To date, few studies have reported the combined effect of maternal VD and PTH on fetal development. As there is a lack of clarity with regard to PTH threshold levels in pregnancy, elevated PTH was usually defined according to a percentile cut-off. A status of VDD (<30 nmol/l) and elevated PTH was identified as functional VDD(Reference Scholl, Chen and Stein32,Reference Scholl, Chen and Stein33) . Scholl et al. (Reference Morley, Carlin and Pasco30) reported that mothers with functional VDD were 2- to 3-fold more likely to develop SGA and that neonatal birth weight was reduced by 102–128 g. Hemmingway et al. (Reference Hemmingway, Kenny and Malvisi31) observed in a large sample cohort study that the prevalence of SGA was highest (P < 0·05) in mothers with functional VDD; however, the SGA risk (adjusted RR 1·53; 95 % CI 0·80, 2·93) was attenuated in a fully adjusted model. A similar trend was observed in our study, such that infants whose mothers with functional VDD (severe VDD with elevated PTH) had the lowest birth weight (reduced by 127·7 g) and the highest SGA risk (increased by 3·19-fold). The gradual effects across the different combined statuses of descending VD and ascending PTH on FGR were also observed in our study. Although ethnic differences in the sample population between our study and the above two studies were evident, our study strongly identified the enormous adverse effect of functional VDD during pregnancy on fetal growth.

At present, the mechanism through which functional VDD during pregnancy was linked to FGR remains unclear. VD has well-defined classical functions related to Ca metabolism(Reference Liu and Hewison34,Reference Luk, Torrealday and Neal Perry35) . Ca metabolic stress, in which adverse effects of VDD are mediated through a functional impact on the Ca metabolic system, was considered as the critical mechanism by Scholl et al. (Reference Scholl, Chen and Stein33) and Hemmingway et al. (Reference Hemmingway, Kenny and Malvisi31). However, in their studies, they did not evaluate serum Ca or Ca supplementation. Uniquely, in our study, we simultaneously assessed Ca supplementation during pregnancy and maternal serum Ca concentrations. We found that compared with the reference group, Ca concentrations significantly increased in mothers with functional VDD (severe VDD with elevated PTH) but not in mothers with severe VDD and non-elevated PTH, which was considered a sign of stress to Ca metabolism of functional VDD(Reference Schnatz and Curry36). Consistently, the proportion of lower Ca supplement frequency (<3 times/week) during pregnancy is highest with functional VDD. Maternal Ca homoeostasis is associated with fetal Ca homoeostasis to support fetal development(37). Therefore, our finding suggested that elevated PTH levels induced by less Ca supplementation might further aggravate FGR for pregnancies with severe VDD through impaired maternal Ca metabolism homoeostasis.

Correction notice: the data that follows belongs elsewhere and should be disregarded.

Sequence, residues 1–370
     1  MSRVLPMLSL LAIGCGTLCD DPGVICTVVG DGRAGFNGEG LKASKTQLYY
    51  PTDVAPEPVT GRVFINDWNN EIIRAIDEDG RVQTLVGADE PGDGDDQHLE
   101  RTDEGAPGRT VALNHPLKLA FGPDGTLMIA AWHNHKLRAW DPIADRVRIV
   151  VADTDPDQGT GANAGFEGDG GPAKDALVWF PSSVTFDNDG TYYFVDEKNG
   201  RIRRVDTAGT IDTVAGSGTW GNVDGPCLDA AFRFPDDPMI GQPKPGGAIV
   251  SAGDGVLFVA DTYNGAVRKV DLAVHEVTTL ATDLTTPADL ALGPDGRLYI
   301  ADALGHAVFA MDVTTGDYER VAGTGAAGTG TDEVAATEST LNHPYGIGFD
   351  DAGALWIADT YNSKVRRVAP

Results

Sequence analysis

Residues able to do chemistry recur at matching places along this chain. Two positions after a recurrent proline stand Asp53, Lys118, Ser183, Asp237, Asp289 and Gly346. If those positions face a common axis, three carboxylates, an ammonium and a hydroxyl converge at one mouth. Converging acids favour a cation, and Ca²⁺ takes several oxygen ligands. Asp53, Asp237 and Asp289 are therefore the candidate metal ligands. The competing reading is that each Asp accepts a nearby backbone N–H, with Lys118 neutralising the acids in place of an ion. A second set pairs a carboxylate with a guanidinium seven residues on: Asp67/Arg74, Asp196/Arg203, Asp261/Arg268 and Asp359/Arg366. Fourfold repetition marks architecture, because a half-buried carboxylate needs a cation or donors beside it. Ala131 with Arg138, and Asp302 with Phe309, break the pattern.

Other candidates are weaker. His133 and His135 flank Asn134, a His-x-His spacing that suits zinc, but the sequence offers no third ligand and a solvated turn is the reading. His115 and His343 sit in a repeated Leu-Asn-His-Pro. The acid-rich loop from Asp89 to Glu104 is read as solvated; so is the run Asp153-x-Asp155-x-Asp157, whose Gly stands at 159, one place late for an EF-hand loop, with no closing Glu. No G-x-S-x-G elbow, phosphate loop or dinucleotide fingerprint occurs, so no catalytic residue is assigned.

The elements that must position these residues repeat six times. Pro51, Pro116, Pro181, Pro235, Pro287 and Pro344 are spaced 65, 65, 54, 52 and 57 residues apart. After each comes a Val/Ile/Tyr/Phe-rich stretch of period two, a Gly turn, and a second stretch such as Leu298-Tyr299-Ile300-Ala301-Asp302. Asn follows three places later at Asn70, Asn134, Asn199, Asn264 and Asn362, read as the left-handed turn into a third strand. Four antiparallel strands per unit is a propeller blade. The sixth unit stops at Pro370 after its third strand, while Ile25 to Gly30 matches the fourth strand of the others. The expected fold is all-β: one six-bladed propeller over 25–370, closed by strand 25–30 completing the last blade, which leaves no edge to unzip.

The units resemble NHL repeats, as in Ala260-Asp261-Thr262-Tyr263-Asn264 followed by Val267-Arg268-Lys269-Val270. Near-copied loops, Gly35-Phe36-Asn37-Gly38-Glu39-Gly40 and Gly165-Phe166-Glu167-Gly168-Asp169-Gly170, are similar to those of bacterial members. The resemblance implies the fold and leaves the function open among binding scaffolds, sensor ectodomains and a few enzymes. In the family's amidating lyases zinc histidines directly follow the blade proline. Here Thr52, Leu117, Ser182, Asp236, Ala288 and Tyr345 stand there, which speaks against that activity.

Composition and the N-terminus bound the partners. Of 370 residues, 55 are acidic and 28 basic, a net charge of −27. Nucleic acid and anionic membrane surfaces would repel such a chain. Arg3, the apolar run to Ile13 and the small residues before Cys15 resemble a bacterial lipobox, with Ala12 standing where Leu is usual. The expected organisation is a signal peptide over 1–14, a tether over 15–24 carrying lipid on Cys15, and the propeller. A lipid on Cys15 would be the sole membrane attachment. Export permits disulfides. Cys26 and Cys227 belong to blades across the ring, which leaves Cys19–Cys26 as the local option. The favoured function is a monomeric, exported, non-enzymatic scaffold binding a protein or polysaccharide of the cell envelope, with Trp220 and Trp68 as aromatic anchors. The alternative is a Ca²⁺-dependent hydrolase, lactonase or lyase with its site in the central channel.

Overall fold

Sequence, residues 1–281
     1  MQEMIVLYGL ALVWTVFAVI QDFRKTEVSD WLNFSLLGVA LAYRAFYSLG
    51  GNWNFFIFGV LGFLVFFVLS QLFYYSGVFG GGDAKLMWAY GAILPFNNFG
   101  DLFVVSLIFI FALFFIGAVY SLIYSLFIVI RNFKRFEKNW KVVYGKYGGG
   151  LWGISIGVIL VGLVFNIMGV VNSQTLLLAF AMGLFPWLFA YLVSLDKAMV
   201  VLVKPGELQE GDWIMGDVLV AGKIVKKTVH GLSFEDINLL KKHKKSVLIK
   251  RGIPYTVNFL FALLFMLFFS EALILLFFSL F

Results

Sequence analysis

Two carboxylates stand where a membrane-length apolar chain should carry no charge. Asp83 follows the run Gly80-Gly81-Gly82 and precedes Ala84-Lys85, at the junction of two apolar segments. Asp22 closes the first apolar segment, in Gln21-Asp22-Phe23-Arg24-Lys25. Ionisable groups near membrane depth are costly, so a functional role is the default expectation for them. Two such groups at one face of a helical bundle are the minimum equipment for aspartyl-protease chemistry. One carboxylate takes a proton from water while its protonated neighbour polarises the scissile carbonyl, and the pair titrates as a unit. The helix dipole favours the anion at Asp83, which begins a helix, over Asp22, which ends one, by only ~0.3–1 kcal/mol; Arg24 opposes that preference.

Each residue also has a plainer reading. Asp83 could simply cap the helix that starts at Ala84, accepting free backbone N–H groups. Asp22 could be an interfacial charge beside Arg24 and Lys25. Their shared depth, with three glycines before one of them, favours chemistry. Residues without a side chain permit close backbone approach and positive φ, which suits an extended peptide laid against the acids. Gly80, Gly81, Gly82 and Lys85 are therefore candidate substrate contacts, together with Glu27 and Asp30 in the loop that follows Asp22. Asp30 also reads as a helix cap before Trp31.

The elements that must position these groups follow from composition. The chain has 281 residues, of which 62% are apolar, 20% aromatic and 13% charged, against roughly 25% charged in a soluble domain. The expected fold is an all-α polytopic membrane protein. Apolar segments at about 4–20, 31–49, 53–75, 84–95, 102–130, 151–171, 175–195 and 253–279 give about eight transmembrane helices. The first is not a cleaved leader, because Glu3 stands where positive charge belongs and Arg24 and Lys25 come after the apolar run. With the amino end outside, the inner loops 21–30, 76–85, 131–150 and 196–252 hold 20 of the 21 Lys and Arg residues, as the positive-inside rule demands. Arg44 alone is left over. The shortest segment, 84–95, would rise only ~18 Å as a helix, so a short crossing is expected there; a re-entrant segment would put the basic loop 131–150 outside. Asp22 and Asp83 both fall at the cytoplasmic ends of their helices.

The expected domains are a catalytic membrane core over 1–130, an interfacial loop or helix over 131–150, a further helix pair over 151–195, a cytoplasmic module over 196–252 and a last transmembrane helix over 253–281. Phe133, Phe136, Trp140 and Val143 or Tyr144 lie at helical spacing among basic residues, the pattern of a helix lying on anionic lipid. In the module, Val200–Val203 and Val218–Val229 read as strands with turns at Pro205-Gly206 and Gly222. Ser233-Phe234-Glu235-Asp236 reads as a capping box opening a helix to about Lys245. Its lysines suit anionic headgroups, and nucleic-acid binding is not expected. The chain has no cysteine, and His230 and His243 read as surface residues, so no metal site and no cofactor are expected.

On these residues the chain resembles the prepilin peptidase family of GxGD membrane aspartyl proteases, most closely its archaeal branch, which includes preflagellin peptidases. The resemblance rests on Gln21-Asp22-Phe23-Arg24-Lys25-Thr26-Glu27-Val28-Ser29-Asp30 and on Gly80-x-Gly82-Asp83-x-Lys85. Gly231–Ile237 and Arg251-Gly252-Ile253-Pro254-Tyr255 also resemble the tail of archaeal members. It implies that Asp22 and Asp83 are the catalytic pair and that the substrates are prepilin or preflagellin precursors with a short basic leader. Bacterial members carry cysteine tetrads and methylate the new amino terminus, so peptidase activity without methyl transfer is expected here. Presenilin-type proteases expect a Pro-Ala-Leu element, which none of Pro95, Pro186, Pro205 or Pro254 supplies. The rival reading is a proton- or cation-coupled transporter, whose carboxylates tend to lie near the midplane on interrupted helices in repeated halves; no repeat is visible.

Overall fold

Strengths and limitations

Our study was a prospective cohort study. The number of participants was relatively large, and a large number of confounding factors relevant to VD status and fetal development were strictly controlled. Our findings are strengthened by the consistency of the analysis results for different fetal outcome indexes (birth weight and SGA), the sensitivity analyses for different percentile cut-offs for elevated PTH and the evaluation of maternal Ca metabolism stress (Ca supplement and serum Ca). However, we should acknowledge that there are some limitations in our study. First, as a lack of clarity elevated PTH threshold concentrations in pregnancy, a percentile cut-off is used to define elevated PTH, which might lead to misclassification. Therefore, the clinical significance of elevated PTH is difficult to interpret. The harmonisation and standardisation of PTH analysis are required to define reference ranges for pregnancy in future research in this context. Second, we did not evaluate fetal Ca metabolism and other markers related to fetal growth, although the inclusion of maternal serum Ca concentrations may partly reflect fetal Ca metabolism status. The mechanism through which maternal functional VDD was linked to fetal growth still has not been illuminated.

Conclusions